5. User Experience From what I have seen and experienced the Twitter integration is only outward.  To get updates from those you follow you still need to access a Twitter client. This makes the experience very egotistical because (via the integration) the communication is only one way – and that’s not what social networking is all about.  Perhaps they could integrate Twitter into their new Messages service (whereby you could select some/all of the people you follow and get their updates on the Messages).

The lack of notification of new messages feels like the piece that is missing to make this the real game changer that Twitter and Apple want it to be. Ultimately time will tell.  I think this is a great development for Twitter but there are still some kinks to iron out.

What do you think the deal will bring to Twitter (and Apple)?

Is advertising becoming too democratic?

It was Warhol who said:

A Coke is a Coke and no amount of money can get you a better Coke than the one the bum on the corner is drinking.

When I say Democratic this is the definition I’m talking about.  Where it is accessible to everyone, irrespective of knowledge/background/education/colour/religion etc etc…

I read this article in Adage about how a small agency was gazumpted (love that word) by a corner coffee shop. It made for interesting, if scary reading.

But the truth is that it’s true.  And I think that this is a result of a few things:

  1. Low barriers to entry (technology) – The standard technology that is now used in advertising is available to all and sundry for a relatively small price (and coming down all the time) – this applies to creation as well as tracking.  Anyone with a laptop can create an ad
  2. Low barriers to entry (knowledge) –  There is no industry standard or minimum qualification like lawyers/financiers have.  Anyone can join in and do it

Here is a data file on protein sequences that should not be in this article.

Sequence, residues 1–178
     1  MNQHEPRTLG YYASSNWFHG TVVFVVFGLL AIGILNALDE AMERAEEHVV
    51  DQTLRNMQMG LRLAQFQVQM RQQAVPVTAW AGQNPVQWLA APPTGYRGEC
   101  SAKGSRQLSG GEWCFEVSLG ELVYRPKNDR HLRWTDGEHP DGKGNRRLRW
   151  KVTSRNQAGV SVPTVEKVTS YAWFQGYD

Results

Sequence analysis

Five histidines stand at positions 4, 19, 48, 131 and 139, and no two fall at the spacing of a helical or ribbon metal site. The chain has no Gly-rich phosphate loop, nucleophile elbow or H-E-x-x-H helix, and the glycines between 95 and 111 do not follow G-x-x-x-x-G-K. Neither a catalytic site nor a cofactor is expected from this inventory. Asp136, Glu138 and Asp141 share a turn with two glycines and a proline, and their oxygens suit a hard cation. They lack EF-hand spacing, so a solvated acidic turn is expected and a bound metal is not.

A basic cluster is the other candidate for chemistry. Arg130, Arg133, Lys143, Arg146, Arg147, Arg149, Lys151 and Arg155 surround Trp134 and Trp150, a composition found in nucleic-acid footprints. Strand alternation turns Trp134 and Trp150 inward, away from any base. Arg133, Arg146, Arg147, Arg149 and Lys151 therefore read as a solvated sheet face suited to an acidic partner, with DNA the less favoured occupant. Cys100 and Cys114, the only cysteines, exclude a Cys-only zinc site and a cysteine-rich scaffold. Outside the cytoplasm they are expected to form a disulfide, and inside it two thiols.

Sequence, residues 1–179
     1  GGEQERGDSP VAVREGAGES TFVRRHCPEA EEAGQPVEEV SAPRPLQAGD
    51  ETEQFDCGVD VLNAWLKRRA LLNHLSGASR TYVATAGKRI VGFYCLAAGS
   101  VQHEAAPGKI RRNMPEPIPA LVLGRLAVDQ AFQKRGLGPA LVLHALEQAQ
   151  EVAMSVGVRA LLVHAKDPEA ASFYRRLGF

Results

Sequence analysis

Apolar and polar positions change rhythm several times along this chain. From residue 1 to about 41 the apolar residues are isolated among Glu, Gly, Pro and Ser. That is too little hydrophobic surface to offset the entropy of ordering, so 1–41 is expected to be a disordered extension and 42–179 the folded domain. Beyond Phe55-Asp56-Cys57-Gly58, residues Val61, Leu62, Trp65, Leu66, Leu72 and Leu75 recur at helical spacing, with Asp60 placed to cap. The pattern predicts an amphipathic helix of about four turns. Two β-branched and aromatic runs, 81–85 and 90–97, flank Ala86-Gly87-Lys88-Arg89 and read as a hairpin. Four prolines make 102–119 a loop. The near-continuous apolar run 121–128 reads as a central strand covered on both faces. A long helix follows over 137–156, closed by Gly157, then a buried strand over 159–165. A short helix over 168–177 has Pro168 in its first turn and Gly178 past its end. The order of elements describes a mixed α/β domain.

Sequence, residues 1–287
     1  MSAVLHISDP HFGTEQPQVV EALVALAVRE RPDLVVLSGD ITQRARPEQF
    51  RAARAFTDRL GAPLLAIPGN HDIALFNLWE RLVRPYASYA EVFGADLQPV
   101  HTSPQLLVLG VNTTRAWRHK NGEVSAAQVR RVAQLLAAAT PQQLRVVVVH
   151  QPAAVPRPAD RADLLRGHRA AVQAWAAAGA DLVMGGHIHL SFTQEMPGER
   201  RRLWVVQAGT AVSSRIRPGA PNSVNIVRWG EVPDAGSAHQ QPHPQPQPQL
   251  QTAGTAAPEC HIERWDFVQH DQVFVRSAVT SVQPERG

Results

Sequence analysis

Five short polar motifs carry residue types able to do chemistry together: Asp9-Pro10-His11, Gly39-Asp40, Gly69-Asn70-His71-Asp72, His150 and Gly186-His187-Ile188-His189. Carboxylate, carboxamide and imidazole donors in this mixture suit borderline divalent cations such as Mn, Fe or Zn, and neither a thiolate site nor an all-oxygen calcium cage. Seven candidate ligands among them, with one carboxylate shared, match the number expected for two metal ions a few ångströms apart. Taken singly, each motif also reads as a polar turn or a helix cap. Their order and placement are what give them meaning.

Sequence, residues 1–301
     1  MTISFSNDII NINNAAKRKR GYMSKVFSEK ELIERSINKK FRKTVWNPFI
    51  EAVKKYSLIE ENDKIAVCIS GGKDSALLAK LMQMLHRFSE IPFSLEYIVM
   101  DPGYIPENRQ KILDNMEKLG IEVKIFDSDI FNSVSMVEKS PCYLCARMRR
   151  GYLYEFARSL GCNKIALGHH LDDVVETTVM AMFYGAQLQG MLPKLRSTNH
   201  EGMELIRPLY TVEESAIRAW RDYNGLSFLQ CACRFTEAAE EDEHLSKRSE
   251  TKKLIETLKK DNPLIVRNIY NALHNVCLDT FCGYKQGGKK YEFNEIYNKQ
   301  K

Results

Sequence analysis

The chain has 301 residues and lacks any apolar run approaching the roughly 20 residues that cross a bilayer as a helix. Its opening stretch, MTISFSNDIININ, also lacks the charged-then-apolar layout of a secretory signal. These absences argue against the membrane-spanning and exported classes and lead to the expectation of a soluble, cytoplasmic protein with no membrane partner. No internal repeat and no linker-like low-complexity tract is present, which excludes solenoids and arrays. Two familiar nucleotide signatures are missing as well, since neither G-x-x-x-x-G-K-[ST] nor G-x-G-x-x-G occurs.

3. Low barriers to entry (skills) – the above two PLUS the fact that the overall skill base of consumers with creative software is improving (‘thanks’ Adobe and Apple for making this stuff cool!)
  4. The market is ripe – clients are looking to make their money go further and small, one man shops will be much cheaper  and keener (even if they may take a little longer)
  5. Good enough is enough – everyone is covering their arse and doing something (even if wrong) is often seen as better than waiting to do the right thing
By this post, I am by no means implying that any one-man shop is going to be crap.  Only highlighting this new reality for agencies.  To be fair to clients, if I was a small company with limited budget, would I go to an agency (however small) or call up someone I knew who had an interest in this to help me? Definitely the latter.
What are your views on this new landscape for agencies?

No, thank YOU!

As part of my yearly resolutions I decided that I should try to read more – at least a book per month.  And I intend to do it.  It won’t always be a “work” related book, but it keeps me in the habit.

A couple of months ago, I heard about Gary Vaynerchuk’s new book ‘The Thank You Economy”. The book is essentially a call to arms to all businesses to join and use social networks/social media to promote and sell.  It goes through the caring & commitment needed, tips, ideas, case studies and statistics about doing so.  It’s the only way to re-humanise business.  We have moved too far from local community shops where everyone knows everyone, to a time where companies are faceless; where your relationship with your local shops only extends to a ‘Hello’ or ‘Goodbye’.